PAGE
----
Mr. Trump endorsed former US Senator David Perdue, the former chief executive of discount chain Dollar General, who repeated Mr. Trump’s lies about the 2020 election. But Mr. Perdue, who lives in the exclusive community of Sea Island, struggled to gain ground in its primary against the governor.

This week, NBC News reported that the former president privately complained about Mr. Perdue’s performance and essentially wrote him off. Mr Trump pushed back on Friday with a social media post calling the report “FALSE”.

“I’m with David all the way because Brian Kemp was the worst governor in the country for election integrity!” he wrote.

Mr. Trump’s record of influencing Republican primary results this season has been mixed. Successful candidates backed by Trump include JD Vance, the author of “Hillbilly Elegy” and U.S. Senate candidate from Ohio, and Doug Mastriano, a gubernatorial candidate from Pennsylvania who echoes false claims of voter fraud by Mr Trump. But other Trump candidates have lost high-profile Republican primary contests in North Carolina, Nebraska and Idaho.

Mr. Trump has endorsed a wide slate of Republican candidates in Georgia, where he and some of his allies are under investigation in Fulton County for potentially violating state criminal law in their attempts to interfere with the results of the presidential election. But the results of Team Trump members from Georgia this primary season may vary.

A recent Atlanta Journal-Constitution poll of likely Republican voters shows U.S. Senate candidate and former University of Georgia running back Herschel Walker with a big lead in his primary race, likely helped by both the endorsement of Mr. Trump and Mr. Walker’s status as a footballer. Legend. The same poll shows Trump-backed nominee for Secretary of State, U.S. Representative Jody Hice, in a close primary race against incumbent Brad Raffensperger.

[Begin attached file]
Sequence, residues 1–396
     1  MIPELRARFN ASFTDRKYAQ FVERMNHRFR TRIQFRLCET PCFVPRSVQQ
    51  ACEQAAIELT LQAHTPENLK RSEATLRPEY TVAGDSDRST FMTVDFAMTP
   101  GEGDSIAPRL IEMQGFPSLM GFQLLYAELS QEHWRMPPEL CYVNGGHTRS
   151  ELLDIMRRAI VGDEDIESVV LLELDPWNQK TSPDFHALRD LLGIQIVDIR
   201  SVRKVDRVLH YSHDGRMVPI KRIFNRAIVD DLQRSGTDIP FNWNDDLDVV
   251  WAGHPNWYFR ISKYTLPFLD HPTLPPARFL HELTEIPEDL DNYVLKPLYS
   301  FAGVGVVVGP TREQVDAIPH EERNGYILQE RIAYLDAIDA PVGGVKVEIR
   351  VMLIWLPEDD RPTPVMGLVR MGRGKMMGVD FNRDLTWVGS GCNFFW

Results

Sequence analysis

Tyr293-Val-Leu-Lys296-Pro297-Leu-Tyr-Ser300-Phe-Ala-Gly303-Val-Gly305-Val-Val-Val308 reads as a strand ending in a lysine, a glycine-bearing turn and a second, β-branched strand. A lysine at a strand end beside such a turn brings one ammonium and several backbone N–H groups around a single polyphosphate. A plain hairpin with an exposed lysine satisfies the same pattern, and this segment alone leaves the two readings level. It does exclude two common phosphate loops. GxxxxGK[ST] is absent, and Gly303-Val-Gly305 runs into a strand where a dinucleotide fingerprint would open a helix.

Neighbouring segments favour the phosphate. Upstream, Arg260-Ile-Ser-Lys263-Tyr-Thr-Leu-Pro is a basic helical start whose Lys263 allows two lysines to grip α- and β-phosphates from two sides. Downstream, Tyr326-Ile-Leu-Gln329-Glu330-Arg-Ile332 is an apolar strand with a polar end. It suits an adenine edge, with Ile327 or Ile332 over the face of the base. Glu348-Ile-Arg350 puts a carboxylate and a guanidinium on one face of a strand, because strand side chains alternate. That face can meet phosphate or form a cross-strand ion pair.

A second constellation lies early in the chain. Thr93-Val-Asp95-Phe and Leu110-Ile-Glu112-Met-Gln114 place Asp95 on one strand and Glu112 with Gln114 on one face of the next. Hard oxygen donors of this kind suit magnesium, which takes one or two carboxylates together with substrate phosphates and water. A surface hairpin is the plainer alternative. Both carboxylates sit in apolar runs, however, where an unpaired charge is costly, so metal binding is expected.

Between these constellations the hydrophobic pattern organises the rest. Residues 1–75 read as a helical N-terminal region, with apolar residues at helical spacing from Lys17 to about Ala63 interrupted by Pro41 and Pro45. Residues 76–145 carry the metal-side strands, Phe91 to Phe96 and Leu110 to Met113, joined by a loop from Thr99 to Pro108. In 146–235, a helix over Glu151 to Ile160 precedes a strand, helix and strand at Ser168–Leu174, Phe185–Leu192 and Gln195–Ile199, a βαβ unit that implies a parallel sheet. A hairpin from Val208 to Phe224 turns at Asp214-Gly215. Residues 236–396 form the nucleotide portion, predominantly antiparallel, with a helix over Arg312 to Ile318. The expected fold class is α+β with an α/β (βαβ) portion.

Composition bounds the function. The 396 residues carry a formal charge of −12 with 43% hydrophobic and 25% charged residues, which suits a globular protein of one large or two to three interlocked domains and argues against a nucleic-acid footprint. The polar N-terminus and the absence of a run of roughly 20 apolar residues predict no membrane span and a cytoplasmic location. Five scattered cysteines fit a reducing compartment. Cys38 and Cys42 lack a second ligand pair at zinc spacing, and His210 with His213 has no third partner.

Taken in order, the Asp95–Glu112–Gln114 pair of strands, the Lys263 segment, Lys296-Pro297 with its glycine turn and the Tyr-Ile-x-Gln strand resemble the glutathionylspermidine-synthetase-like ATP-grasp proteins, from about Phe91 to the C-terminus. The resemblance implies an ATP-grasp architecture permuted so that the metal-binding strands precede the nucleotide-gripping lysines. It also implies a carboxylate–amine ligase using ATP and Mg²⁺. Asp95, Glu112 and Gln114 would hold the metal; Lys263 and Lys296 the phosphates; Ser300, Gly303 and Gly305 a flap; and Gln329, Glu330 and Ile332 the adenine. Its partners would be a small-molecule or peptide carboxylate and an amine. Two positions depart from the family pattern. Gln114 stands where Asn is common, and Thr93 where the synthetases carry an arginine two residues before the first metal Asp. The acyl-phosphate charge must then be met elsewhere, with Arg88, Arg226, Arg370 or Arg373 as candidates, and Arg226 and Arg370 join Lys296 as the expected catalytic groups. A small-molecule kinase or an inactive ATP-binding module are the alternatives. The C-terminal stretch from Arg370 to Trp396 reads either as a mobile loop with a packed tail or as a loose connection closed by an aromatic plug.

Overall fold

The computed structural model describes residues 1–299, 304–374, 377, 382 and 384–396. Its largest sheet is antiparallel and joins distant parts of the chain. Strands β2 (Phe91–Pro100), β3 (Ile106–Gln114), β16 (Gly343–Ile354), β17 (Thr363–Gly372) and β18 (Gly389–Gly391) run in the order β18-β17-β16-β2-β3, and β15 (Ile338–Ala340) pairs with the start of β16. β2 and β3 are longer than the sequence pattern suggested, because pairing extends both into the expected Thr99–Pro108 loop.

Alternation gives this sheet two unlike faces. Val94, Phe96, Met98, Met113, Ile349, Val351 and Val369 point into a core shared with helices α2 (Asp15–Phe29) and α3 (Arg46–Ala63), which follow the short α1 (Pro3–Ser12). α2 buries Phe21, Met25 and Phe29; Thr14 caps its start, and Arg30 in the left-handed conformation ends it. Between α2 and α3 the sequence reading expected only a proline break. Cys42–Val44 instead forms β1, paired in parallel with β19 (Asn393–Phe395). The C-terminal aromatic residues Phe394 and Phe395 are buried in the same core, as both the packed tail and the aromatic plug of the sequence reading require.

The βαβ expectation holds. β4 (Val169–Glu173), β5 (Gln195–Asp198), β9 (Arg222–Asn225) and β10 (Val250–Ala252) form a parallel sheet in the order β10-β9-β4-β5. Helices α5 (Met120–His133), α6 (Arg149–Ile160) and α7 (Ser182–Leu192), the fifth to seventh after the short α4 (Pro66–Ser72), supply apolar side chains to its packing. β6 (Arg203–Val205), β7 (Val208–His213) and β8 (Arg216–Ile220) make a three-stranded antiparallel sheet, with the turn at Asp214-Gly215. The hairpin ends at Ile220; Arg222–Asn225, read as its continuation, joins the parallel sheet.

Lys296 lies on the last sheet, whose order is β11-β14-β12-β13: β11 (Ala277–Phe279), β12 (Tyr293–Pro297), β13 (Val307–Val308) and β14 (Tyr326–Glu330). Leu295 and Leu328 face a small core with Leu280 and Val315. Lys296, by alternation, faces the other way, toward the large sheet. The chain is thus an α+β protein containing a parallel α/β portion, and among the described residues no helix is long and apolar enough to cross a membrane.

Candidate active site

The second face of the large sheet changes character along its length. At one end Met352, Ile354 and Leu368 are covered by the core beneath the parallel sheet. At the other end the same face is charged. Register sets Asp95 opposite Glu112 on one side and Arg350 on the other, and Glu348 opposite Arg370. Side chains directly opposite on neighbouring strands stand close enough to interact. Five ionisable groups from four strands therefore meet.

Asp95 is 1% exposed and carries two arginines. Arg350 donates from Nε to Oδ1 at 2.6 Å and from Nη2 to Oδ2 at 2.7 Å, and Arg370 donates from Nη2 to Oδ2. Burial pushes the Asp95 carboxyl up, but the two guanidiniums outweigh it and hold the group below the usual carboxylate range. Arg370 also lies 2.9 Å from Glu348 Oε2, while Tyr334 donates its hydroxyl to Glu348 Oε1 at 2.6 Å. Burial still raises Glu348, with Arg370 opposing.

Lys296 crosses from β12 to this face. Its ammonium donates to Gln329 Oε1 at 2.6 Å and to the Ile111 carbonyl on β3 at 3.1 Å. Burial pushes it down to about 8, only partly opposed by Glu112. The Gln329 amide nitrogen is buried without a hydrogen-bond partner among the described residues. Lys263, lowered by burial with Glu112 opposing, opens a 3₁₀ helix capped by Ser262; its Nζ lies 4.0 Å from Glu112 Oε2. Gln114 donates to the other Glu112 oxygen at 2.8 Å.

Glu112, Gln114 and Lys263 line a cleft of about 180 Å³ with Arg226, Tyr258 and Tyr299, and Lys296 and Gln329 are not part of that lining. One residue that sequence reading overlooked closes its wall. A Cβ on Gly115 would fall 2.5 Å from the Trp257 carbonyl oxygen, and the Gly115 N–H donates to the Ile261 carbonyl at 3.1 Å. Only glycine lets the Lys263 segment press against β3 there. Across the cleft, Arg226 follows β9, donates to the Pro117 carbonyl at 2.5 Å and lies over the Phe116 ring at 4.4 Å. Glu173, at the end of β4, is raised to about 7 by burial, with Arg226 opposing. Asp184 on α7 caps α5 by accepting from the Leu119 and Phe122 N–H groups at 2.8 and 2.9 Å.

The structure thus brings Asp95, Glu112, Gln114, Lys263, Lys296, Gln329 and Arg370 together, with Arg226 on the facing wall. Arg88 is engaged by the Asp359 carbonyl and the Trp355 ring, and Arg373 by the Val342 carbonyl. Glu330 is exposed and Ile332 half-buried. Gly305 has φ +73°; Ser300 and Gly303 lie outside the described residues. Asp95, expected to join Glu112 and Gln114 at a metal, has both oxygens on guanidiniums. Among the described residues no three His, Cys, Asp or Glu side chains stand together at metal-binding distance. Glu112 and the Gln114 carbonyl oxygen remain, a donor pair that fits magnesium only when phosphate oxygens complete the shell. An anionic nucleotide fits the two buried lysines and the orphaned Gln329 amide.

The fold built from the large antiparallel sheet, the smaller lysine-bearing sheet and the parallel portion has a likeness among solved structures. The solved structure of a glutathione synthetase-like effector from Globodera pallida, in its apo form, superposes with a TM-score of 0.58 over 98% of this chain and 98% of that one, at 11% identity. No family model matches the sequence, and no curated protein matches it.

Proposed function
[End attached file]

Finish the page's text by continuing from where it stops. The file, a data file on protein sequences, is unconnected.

April’s AJC poll shows Mr. Kemp with a 23-point lead over Mr. Perdue; a more recent Fox News poll showed the governor ahead by more than 30 points. Mr. Perdue, whose appearances this week included a Bikers for Trump event in Plainville, Georgia, hopes the anticipated high turnout is a sign that Trump voters are quietly moving the needle in his direction and will at least allow him to force Mr. Kemp into a runoff.

The Kemp campaign significantly outspent and outspent the Perdue campaign, a sign that much of Georgia’s donor class, which tends to be wary of political turmoil, prefers the status quo. And although Mr. Perdue has benefited from television ads from outside groups featuring Mr. Trump, the Perdue campaign has not aired with its own ads since late April, according to Adimpact, an ad tracking firm.

Mr. Kemp, meanwhile, quashed Mr. Trump’s anger by relentlessly focusing on the business of his own backyard. On Wednesday, Norman Allen, the chairman of the Upson County commission, praised Kemp for personally taking his calls in 2020 and pledging additional help from the state government as the county suffered in the first few months. of the coronavirus pandemic.